My Mission Statement

I write to serve, to unite, to educate. I write to share literature and flesh out ideas that may be of interest to others. I write to document an emotion, experience, or a blip in time. My mission is to write in such a way that the reader is reminded that we can find humor in all situations. It's one of the great blessings of life.


Wednesday, April 30, 2008

Beautiful Moms

Of course you know I have four children, and there were many years when I had at least two preschoolers at home. Often one of them had not slept well or was sick or whatever happens when you have small children. At any rate, whenever I left the house, I felt like #1 It was a small miracle, and #2 I looked like hell. I mean, I'd catch a glimpse of myself in a store window downtown and realize I hadn't brushed my hair. Or I'd look down at my legs as I sat on the park bench and honestly not remember when I'd last shaved them. Or worse, my socks wouldn't match, my pants wouldn't button, my breasts were leaking milk, or my face had a look of terror from the possiblity that I was pregnant, yet again (because once you've had three kids, you just figure you can get pregnant from washing your underwear together in hot water). Anyway, lately I've noticed a curious thing.

As I drive or walk through my small town this spring, I notice a LOT of park-bound young mothers with babies in strollers, toddlers on tricycles, and so forth. And guess what? These women look beautiful. I mean, stunning, with a radiance that is almost indescribable. And I think that while these woman are attractive, it's something much more.

I've begun to realize that the very art of motherhood is beautiful. It's what inspired all the great artists to paint the mothers and children. And the beauty is something that comes from deep within, that rises beyond varicose veins, stretch marks, and unbrushed hair. It's an aura, a glow, that God uses to smile down upon women during this tough yet precious time of their lives. But they don't know it. It's like those teen-age girls who look fantastic in a bikini, but they're too scared to wear it. These young mothers have no idea how truly stunning they are. So join me in telling them, or share this entry with them. Because it's true. There may possibly be NOTHING more lovely than a sleep-deprived, diaper-changing, ABC-chanting, bedtime story-reading, prayer-saying mama. Who'd have thought it?

I can't believe that I ever had that glow, but I must have. Perhaps it's God's way of keeping our husbands from leaving during the insane early years (ha ha). But I'd rather think of it as the glow of angels watching and protecting us, so that we're there for our children no matter what. And that would explain why all our children, when they're little, pronounce their mothers beautiful. Because they are.

3 comments:

alison said...

Hey Donna, I just stumbled upon your blog a couple of days ago, and I must say...it's about time!! I've been dieing to get some wisdom/advice from my very favorite mommy! I can really relate to your entry today. I was at the park trying to go unoticed just as my DS was taking off ALL of his clothes to jump into the mud puddles. Try staying descreate there. lol. Anyway, a little girl came up to me and thought I was her friend's mommy, so her entire family had to come check me out. YUK! I really hadn't brushed my hair ALL day. I don't think they notice, though. It's so nice to hear I'm not the only one on this mommy island.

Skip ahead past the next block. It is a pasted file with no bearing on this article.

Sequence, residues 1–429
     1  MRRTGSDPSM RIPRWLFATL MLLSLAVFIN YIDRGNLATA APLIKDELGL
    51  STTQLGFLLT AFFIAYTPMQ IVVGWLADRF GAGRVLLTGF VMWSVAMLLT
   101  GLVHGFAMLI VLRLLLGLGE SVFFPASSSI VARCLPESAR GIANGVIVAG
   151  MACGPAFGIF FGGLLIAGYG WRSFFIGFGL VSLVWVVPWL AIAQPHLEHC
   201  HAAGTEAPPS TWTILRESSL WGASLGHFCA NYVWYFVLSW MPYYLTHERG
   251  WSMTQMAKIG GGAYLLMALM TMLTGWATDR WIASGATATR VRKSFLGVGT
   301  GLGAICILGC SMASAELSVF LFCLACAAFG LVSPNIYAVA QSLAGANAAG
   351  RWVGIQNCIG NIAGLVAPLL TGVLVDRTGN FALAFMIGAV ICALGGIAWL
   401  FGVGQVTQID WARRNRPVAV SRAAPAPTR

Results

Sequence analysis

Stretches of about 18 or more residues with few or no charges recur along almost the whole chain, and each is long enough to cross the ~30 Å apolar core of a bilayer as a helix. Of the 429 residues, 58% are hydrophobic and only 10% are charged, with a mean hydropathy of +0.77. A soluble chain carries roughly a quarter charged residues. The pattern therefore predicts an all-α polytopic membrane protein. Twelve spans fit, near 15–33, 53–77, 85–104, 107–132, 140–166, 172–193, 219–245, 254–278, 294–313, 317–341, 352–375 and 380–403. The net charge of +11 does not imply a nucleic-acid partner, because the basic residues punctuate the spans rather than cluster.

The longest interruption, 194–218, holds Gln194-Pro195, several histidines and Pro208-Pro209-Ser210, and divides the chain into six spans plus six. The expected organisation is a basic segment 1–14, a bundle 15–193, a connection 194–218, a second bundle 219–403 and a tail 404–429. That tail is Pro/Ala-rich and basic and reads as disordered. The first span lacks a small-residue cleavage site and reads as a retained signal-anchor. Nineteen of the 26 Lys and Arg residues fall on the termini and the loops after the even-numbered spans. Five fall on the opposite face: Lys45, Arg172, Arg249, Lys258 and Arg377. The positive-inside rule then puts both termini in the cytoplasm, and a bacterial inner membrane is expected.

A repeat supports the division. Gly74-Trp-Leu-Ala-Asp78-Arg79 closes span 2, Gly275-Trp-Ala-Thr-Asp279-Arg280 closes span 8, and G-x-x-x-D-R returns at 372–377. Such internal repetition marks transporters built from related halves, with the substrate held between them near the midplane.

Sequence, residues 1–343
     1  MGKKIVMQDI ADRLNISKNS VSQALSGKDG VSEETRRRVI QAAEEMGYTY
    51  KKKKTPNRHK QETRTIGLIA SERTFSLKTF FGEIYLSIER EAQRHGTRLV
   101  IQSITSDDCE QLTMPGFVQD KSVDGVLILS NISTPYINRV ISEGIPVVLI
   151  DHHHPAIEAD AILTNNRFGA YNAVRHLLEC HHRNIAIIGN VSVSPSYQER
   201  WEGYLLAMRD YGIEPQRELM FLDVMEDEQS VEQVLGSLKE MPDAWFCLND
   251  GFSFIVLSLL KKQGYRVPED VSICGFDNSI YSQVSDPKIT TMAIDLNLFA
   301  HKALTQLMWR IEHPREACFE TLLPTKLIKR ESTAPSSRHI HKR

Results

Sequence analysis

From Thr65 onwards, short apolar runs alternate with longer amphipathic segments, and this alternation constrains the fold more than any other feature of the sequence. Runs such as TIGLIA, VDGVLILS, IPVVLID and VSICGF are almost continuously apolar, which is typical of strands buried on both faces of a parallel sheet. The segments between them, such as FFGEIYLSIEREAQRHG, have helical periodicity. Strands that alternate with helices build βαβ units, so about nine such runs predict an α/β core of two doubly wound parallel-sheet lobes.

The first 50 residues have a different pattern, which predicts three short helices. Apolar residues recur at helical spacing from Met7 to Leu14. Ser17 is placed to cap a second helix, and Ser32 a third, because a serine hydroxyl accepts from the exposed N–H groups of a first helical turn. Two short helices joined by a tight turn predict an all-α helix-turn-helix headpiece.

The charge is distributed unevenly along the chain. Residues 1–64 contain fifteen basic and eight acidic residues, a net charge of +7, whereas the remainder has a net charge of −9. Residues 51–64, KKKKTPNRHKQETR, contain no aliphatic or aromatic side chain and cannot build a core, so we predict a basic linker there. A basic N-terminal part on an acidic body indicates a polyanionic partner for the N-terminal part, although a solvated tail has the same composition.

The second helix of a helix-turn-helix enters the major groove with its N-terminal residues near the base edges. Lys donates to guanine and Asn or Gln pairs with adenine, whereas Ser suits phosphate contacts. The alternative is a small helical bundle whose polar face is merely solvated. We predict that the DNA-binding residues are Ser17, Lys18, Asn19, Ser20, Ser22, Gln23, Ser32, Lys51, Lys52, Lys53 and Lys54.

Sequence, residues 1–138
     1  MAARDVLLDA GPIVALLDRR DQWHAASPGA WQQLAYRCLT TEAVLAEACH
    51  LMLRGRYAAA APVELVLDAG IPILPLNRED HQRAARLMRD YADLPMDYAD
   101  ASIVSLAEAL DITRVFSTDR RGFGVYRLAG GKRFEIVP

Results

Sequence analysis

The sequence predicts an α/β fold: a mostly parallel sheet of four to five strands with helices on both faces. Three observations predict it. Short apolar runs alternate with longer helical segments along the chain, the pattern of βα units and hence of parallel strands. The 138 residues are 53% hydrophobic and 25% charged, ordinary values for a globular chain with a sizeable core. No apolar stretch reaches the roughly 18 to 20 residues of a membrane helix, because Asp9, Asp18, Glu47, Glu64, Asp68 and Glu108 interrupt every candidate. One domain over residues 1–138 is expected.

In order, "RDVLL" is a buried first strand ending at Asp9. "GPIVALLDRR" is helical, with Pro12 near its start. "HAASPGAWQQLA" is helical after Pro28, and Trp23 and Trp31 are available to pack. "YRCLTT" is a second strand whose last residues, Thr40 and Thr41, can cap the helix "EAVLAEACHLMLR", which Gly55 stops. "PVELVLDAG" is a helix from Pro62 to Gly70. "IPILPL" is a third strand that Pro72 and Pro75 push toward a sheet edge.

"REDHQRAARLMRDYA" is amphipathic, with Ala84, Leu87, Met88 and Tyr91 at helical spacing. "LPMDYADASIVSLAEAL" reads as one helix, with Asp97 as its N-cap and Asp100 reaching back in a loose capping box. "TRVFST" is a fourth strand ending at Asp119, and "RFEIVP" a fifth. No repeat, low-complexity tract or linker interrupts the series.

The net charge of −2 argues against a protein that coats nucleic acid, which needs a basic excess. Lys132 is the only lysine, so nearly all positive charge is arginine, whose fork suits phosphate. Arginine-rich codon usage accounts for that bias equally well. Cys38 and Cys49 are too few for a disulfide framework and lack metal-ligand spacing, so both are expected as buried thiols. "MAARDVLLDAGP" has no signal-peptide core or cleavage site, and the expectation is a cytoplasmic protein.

Auntie said...

I'm a 49-year-old mother of only two daughters who are six years apart in age…these girls are now 17 and 23. So I cannot totally relate to all of Donna's comments. Most of the time when I went out in public, I was fortunate enough to have brushed my hair and my teeth (but not always on the same day). Although there was this one time I wore my black panties with my bathing suit top to the neighborhood pool…thinking I was putting on my nylon black bottoms to the swimsuit. I was in a hurry, of course, with kids screaming at me, “let’s go!!!” So I threw my shorts on over the “bottoms”…barely noticing I didn’t remember them being so “slight” in their coverage. When I got to the pool, took off my t-shirt and shorts, I looked down and saw black lace across the top of my “bottoms.” I kept looking and thinking I didn’t remember those bottoms having lace on them!!! At that moment I realized what I had done!! I didn’t go back to the neighborhood pool that entire summer!!!

However, NOTHING could have prepared me for the roller coaster ride in the life of a teen-age girl…even though I was once one of “them.” Thank goodness my girls were not both teens at the same time. God does not put more on us than we can handle; THAT would have been an experience I could not have survived! So enjoy the earaches, vaccinations, calling out the words for this week’s spelling test, etc. It’s going to get a lot more interesting before they are grown!!!!!

By the way…I am also the very proud aunt of Donna Jones Koppelman.

Diane said...

Nice to meet you Auntie! Glad you're here.

This was such a sweet and honest entry I hate to even go where I'm about to go but I just can't help myself. When I first read the title of this blog, I thought Donna that you were going to discuss the new picture book about the mommy's tummy tuck and face lift. I don't think it's even out yet, but I can't help but wonder if you've read about it too and what you think of it. Let me know!

Isabel by Donna Jones Koppelman

Isabel by Donna Jones Koppelman

Major Bear at the Grove Park Inn by Donna Jones Koppelman

Major Bear at the Grove Park Inn by Donna Jones Koppelman